Bill Would Provide Funding for Virginia Group

Virginia Equine Alliance hopes to offer Thoroughbred racing in 2015.

Virginia legislators have advanced bills that would provide funding for the Virginia Equine Alliance, a non-profit group that could shape racing in the state.

The VEA includes the Virginia Thoroughbred Association, the Virginia Horsemen's Benevolent and Protective Association, the Virginia Harness Horse Association, and the Virginia Gold Cup. It was formed in November following the decision by Colonial Downs to surrender its racing license and not conduct racing in 2015. 

Colonial did not offer Thoroughbred racing in 2014 because horsemen and track owner Jeffrey Jacobs couldn't reach an agreement on dates. Jacobs has pushed for a shorter meet with larger purses.

Current bills in the Virginia House and Senate would shift funding that formerly was sent to Colonial, as the racing license holder, to a "non-profit industry stakeholder organization," which would be the VEA. A fee of 9% of all ADW wagers made within Virginia has been split between horsemen and the racing license holder, which had been Colonial. 

The alliance envisions organizing racing as a non-profit corporation with associated charities being given the opportunity to raise funds through their participation on racing days. All net revenue from the planned not-for-profit model would be directed back into the industry. The Virginia HBPA reports that there is about $5 million in the purse fund from money not used for racing in 2014 and funds from ADW wagering.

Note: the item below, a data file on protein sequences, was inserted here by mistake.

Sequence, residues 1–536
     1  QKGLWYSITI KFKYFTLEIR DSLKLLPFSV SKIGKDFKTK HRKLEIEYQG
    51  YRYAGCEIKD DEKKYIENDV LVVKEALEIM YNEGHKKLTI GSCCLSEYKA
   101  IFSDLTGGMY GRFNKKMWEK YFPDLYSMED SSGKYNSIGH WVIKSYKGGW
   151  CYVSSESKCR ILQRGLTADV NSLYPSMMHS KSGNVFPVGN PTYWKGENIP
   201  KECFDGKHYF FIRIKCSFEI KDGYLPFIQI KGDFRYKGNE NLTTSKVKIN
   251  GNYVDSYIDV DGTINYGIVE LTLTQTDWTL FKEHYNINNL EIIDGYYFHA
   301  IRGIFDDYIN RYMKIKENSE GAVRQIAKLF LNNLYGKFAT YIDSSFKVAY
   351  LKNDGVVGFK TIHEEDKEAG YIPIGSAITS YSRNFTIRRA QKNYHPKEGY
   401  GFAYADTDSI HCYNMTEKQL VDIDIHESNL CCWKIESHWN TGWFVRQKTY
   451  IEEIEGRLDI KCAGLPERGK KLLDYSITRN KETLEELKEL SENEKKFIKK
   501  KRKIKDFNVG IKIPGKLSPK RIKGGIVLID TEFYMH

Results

The VEA said it would consider leasing the Colonial Downs property for racing in 2015 but said it's unclear about Colonial's stance. The VEA also is exploring the possibility of offering flat Thoroughbred racing at the 175-acre Great Meadow in 2015 and will examine other possible racing outlets.

The legislation in the House and Senate also would allow for new license holders of the state's nine off-track wagering facilities. Colonial Downs has been the license holder for live racing and the off-track outlets.

Also, the legislation adds clarity that the Virginia Racing Commission determines the recognized representative of horsemen in the state. The Virginia Racing Commission recognized the Virginia HBPA as the representative group of horsemen in the state last year when Colonial Downs pushed for a new horsemen's group.